A Survivors' Haggadah

On the eight day of Passover, as an introduction to the yizkor service, I read from A Survivors' Haggadah. In 1946 the Jews in the DP camps around the city of Munich organized, with help from the United States' 3rd Army, a seder. Imagine the scene and the emotion. It is just a year after the end of the war in Europe. The Jews are still coming to terms with their families being annihilated. They can't return to their homes because there are pogroms in Poland and other eastern European countries. America lists the German Jews as enemy nationals. Many want to move to Palestine but Great Britain has a very strict immigration policy and quota in force. America, Canada, and many countries in South America also have restrictive quotas. So the Jews in 1946 who have managed to survive the horrors of the Holocaust have no place to go. 

In the DP camps they find at least that General Eisenhower and his Jewish liaison  Rabbi Judah Nadich are supportive. They allowed the Jews to organize, to publish a newspaper, and to take care of their religious needs. As Passover approached the Jews were able to secure food and haggadot and to even publish a haggadah supplement. This pamphlet resurfaced a few years ago and Prof. Saul Touster edited it with a historical introduction and comments on each page.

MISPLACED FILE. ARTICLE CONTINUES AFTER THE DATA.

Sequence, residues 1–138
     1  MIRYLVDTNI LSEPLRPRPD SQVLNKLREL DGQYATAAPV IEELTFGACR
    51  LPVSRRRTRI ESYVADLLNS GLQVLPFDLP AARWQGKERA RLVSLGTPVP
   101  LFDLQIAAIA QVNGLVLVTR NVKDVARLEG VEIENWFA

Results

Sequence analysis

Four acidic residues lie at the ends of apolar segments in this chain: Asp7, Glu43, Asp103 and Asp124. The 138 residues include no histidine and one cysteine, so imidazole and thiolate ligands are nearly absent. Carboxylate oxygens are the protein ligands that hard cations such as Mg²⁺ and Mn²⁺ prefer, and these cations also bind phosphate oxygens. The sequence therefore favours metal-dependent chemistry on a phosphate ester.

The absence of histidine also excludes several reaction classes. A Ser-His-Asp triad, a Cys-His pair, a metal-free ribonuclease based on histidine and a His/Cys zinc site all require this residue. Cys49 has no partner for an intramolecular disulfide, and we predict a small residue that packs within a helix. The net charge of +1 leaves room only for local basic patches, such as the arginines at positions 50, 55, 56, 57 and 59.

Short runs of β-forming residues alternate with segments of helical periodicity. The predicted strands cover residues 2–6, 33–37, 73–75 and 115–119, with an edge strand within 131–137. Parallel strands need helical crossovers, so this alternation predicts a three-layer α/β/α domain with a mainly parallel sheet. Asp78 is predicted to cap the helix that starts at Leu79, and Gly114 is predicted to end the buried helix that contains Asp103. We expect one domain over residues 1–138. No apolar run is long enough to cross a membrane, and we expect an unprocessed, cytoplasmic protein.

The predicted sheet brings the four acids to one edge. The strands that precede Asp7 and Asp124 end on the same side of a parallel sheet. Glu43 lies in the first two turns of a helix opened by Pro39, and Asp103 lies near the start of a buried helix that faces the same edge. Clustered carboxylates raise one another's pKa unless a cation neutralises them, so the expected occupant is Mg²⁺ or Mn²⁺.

All of the readings point to a commitment to live - to live despite Hitler and to live in memory of their relatives. The readings also focus on their dream to move to Palestine and live the Zionist dream. It is a remarkable piece of literature and is very inspirational. 

Today we may struggle with the phrase from the haggadah, "in every generation each person must imagine that s/he took part in the Exodus". This haggadah brings that statement to life. Out of the nightmare of the Holocaust dreams emerged.